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This need to write started when I was very young.  I was often writing in the margins of a composition book while an oblivious teacher conducted class on some very different topic. They must have assumed I was taking copious notes. But I was writing verse, and the whole process of composition and editing carried over in spare moments through the course of a day or two until I knew it was completed.

The pile of finished work accumulated and by junior high a sympathetic teacher made a friend and me editors of a school literary magazine. Writing, and writing friends, carried me through grade school and into college.   I continued to edit various publications over the years.  Finally I had the opportunity to work  with young writers during my own teaching career.

A summer spent with the Tidewater Writing Project at ODU offered the opportunity to share my writing with other  teachers; and to hear, and comment on,  theirs.   Writers actively working on their own material make more sympathetic and helpful teachers. We learned how to write with our students and how to work with them as mentors and partners in the process.

A volunteer Viola sprouted from a stray seed.

A volunteer Viola sprouted from a stray seed.


And writing is a process. Its roots lie in reflection. Its roots lie in soaking in ideas expressed by others in their music, poetry, fiction, prose, art, and photography. From this rich brew of ideas and close observation of one’s own life, ideas bubble up which need expression.


Autumn has appeared down by College Creek.

Autumn has appeared down by College Creek.

It is good to encourage ideas to flow freely in the beginning.

I still keep a legal pad and colored pens on my desk, between me and the computer screen, to capture ideas as they first form. Phrases are pieces of a jigsaw puzzle which must be tried and turned and finally fitted together into a smooth whole.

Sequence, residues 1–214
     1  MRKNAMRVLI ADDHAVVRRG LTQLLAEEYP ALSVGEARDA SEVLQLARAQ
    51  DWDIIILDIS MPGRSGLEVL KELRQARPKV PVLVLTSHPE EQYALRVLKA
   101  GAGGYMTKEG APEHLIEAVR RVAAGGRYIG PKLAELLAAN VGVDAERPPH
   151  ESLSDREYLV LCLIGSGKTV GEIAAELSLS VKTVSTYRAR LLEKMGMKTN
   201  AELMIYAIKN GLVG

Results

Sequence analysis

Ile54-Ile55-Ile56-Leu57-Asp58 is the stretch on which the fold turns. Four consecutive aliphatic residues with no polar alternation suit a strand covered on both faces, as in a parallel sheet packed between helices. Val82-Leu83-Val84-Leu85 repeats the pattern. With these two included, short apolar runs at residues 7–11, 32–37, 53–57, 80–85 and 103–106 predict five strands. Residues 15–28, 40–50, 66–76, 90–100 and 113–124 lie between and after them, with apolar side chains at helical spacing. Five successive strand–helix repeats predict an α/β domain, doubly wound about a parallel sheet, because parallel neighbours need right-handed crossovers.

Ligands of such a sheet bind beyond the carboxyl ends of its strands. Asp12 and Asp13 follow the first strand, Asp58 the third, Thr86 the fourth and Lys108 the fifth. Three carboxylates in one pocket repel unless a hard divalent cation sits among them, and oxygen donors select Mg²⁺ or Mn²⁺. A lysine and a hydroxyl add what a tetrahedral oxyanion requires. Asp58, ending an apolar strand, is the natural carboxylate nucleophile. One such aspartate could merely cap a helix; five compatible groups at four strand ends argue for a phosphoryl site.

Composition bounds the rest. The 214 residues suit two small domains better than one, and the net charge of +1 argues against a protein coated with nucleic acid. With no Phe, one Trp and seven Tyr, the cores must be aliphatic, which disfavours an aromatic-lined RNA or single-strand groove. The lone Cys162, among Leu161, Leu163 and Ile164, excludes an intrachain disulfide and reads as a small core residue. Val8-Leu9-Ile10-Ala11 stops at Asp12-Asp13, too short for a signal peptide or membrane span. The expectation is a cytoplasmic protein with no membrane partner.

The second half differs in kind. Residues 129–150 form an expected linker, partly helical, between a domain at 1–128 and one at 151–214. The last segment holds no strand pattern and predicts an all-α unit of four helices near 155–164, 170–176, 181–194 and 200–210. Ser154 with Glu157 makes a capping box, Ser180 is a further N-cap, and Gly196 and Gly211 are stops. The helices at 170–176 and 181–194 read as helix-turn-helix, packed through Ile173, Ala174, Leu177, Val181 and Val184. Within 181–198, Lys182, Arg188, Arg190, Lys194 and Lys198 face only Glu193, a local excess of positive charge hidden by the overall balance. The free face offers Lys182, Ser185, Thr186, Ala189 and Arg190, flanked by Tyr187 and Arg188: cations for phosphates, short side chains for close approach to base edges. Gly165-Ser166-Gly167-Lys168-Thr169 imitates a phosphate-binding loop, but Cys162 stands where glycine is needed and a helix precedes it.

But once those ideas have been caught into words and captured on paper, one must get down to the business of developing the ideas into something another might want to read.

This is where the art and craft of writing takes over from visionary rambling.

Virginia Creeper on the pine tree has already begun going scarlet in this cool August weather.

Virginia Creeper on the pine tree has already begun going scarlet in this cool August weather.

Frequent visitors to Forest Garden find many different sorts of writing here.

There are essays and poems, how-to posts and quotations.  And there are many photographs of life in our garden and community.

While I sometimes go looking for photos to illustrate an idea, more frequently an idea is sparked by the day’s cache of photos.

I began writing this blog to help other gardeners struggling in similiar  deer-ridden vole-infested, squirrel- bitten shady bits of forest.

I had lists to post and resources to share.  That information remains in the archives.

But the discipline of daily writing brought me back to my own roots as a poet.  And some days now poetry seeps out, other days hard prose.  On a very good day there might be a hint of poetry buried within some useful prose.


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Whether one is writing poetry or prose, good composition is based on research, structure, and refinement.

Questions arise as I’m writing. There is always more to learn about whatever topic, whether the name of a particular plant or the various opinions on how best to prepare a planting bed.

Most of my composition occurs at the computer  with a search engine window open. I look for what others have to say, fact check, spell check, and look up words. I search for quotations on particular topics, examine photographs, check maps, and always research the cultural requirements for plants I might mention. Since much of the writing I publish now is fact based, I try to confirm information from multiple sources as I write.

I found this beautiful wild Hibiscus down by the Creek today, but have not yet identified its species.

I found this beautiful wild Hibiscus down by the Creek today, but have not yet identified its species.